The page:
In his new memoir, Charles Monroe-Kane defines his own success story by describing the trials and tribulations of conquering his drug addiction and mental illness.

“Lithium Jesus: A Memoir of Mania,” which was published Sept. 13 by the University of Wisconsin Press, takes readers on a roller coaster of Monroe-Kane’s past from faith healer to avid drug user to successful journalist.

Monroe-Kane was misdiagnosed with schizophrenia when he was 20, then properly diagnosed with Bipolar 1 disorder when he was in his 40s.

Approximately 5.7 million adult Americans, or 2.6 percent of the U.S. population, deal with bipolar disorder, according to the National Institute of Mental Health.

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Monroe-Kane said though mental illnesses do not have cure-all solutions, it is important for people to understand that their mental illness can be controlled and that things can get better — a message he hopes will come through in his memoir.

Born in 1969, Monroe-Kane grew up in impoverished Ohio. He was just a young boy when he began hearing voices.

For his first 12 years he kept these voices hidden for fear of what others would think. But keeping it all to himself put him in agony, which led Monroe-Kane to cut himself or rip off his fingernails and toenails.

“That is not the person you want to be friends with, that is not the person you want to screw, that is not [who] you want to go on vacation with,” Monroe-Kane said. “So you just cover it up and learn a way around it.”

It wasn’t until he was invited to attend an Evangelical church camp at the age of 12 that he told others about the voices.

Monroe-Kane found people similar to him who could speak in tongues and hear voices, which convinced him that the voices were actually angels.

“Suddenly there were these people who were experiencing what I was experiencing so I was like ‘sign me up,'” Monroe-Kane said.

At age 15, Monroe-Kane emancipated himself and traveled to the Philippines and Haiti as a faith healer for the Evangelist church. One man who was crippled walked again after Monroe-Kane put his hands on him, he said.

It wasn’t until Monroe-Kane was 20-years-old at Goshen college in Indiana, that the voices turned on him, questioning him.

Monroe-Kane went into his closet and refused to come out. Eventually the cops came and he was institutionalized. His doctors gave him lithium and thorazine, and suddenly, the voices went away.

“You’re stuck with a man with no money whose entire background — everything about him — was about hearing voices and being an evangelical healer, and now I don’t have either one,” Monroe-Kane said.

Searching for new meaning, he bought a one-way ticket to Amsterdam ready to live life on the street.

Before Amsterdam, Monroe-Kane didn’t have any experience with sexuality, drugs or alcohol. Instead of dipping his his toes into the pond, he jumped right in, starting with acid.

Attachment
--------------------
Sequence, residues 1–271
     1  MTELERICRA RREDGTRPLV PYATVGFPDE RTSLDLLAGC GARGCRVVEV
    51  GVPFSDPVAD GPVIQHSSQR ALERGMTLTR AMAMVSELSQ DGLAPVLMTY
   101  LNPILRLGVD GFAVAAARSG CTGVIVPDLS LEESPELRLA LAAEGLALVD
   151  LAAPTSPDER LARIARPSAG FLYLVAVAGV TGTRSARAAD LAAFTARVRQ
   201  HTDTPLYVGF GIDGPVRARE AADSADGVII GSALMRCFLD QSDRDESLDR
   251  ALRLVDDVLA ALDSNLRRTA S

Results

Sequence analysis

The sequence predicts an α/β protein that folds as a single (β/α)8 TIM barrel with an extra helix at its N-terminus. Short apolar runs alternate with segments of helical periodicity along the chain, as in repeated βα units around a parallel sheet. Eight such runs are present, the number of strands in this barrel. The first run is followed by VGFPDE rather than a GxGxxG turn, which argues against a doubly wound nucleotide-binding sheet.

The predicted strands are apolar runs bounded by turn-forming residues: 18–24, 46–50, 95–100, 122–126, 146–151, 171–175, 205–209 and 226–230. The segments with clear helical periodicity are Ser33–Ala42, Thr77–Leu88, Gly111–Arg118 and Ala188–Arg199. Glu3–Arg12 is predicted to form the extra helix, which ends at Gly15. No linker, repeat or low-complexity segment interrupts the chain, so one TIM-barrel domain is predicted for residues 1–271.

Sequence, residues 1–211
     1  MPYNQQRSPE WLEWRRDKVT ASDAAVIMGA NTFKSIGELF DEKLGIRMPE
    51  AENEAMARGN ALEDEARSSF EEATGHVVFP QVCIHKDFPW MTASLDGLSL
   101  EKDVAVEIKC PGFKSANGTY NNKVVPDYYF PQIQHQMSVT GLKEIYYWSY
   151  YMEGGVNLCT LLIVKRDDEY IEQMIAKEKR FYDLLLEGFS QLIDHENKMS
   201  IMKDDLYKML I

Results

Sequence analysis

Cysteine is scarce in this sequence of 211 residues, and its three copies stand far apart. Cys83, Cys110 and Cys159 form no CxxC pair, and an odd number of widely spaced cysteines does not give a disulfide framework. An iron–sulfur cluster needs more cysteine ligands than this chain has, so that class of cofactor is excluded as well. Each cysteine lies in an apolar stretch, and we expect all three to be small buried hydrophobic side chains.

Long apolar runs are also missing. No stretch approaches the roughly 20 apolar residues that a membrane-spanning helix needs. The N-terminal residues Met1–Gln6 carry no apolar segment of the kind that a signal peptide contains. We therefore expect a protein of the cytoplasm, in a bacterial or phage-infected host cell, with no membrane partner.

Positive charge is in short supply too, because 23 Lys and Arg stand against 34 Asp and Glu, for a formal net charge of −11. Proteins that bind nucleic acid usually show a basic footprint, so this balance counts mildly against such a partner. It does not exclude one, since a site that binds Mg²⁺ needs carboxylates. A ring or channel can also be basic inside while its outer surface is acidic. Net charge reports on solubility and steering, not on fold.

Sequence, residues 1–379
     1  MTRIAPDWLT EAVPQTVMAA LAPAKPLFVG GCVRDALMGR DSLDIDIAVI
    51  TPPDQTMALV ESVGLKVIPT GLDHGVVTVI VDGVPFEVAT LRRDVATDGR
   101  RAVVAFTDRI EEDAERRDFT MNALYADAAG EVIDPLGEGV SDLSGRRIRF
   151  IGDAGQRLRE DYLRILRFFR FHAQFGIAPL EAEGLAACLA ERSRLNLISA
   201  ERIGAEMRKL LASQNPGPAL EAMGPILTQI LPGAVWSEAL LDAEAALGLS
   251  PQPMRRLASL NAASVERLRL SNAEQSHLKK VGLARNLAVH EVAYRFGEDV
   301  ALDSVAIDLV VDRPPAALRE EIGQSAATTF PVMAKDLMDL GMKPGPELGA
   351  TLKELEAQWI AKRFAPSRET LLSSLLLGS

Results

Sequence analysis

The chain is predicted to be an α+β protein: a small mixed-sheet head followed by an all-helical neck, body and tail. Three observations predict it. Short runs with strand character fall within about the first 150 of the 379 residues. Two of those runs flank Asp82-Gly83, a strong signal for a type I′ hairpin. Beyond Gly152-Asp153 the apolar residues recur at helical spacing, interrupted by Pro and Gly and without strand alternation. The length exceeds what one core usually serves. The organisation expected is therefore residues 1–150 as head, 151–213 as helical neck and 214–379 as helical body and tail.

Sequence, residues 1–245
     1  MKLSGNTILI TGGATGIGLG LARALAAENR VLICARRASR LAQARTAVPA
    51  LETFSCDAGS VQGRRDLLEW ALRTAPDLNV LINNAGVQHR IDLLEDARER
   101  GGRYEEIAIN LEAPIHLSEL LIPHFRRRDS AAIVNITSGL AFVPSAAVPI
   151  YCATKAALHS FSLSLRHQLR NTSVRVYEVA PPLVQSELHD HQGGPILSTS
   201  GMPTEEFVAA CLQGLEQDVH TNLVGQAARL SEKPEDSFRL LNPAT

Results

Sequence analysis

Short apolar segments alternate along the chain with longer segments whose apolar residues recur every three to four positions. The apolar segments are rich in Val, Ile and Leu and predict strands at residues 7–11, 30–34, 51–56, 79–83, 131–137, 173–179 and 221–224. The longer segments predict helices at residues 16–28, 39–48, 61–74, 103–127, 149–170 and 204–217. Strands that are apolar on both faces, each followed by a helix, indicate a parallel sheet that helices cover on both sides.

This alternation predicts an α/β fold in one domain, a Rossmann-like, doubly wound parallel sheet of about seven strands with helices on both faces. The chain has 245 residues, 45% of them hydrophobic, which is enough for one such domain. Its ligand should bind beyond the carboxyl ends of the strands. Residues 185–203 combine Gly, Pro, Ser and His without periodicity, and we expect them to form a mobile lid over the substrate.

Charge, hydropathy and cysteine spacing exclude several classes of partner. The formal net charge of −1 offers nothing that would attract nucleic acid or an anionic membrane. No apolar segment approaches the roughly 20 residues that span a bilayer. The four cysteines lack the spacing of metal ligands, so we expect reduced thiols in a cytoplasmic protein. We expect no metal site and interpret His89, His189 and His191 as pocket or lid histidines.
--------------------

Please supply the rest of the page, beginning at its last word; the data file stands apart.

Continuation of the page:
He once took acid 30 days in a row, then transitioned to meth. During this time, he joined a circus, started a record label and briefly held a job with a radical environmentalist anarchist group.

By 24-years-old Monroe-Kane said he felt burned out, but refused to acknowledge that his mishandling of his mental illness could be the root of his manic behavior.

He packed his bags and moved to Prague, living there until he was 29-years-old. At one point he attended a 4,000 person rave where he drank a cocktail of liquid ecstasy, methadone, liquid LSD, meth and Everclear, causing him to overdose.

“Part of me wanted to see how far I could go, but I think another part of me wanted to see if I could die,” Monroe-Kane said. “I didn’t have enough balls to do it so I thought I could do it to myself on accident.”

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But he still wasn’t done with his lawlessness. One of his friends offered him the chance to smuggle money from the Italian mafia into eastern Europe in exchange for a percentage.

When Monroe-Kane returned from his mafia trip, he realized he wanted to move past his drug addiction and illicit activities. He asked his girlfriend Erika, who is now his wife, what their next move should be, knowing their life was a toxic mess.

Thankfully Erika too wanted to change their lifestyle so the pair packed their bags and moved to Madison, Wisconsin. They quit drugs, had two kids and acquired successful jobs, his wife at the Madison Museum of Contemporary Art and he a producer for National Public Radio in Madison.

In 2012, Monroe-Kane returned to his lithium medication after being re-diagnosed with Bipolar 1 disorder. This allowed him to take back his life and really reflect on the past 20 years.

Though Monroe-Kane is not not embarrassed by his past drug use or manic behavior, he realized that being off his medication and abusing substances was not making him a good father, lover or friend.

Still, he regrets nothing. It is not the smooth path that makes you stronger, but rather the bumps in the road, Monroe-Kane said. Living a safe life prohibits you from being the person you truly are supposed to be, he said.

Currently he continues to take his medication and has never been more proud to be the man he is and the road it took to get there.

“I want those people who have a mental illness to know that it isn’t all Oprah,” Monroe-Kane said. “Sometimes it is a complicated story and the path we are on is a mess, but it doesn’t have to be clean and it will be okay in the end.”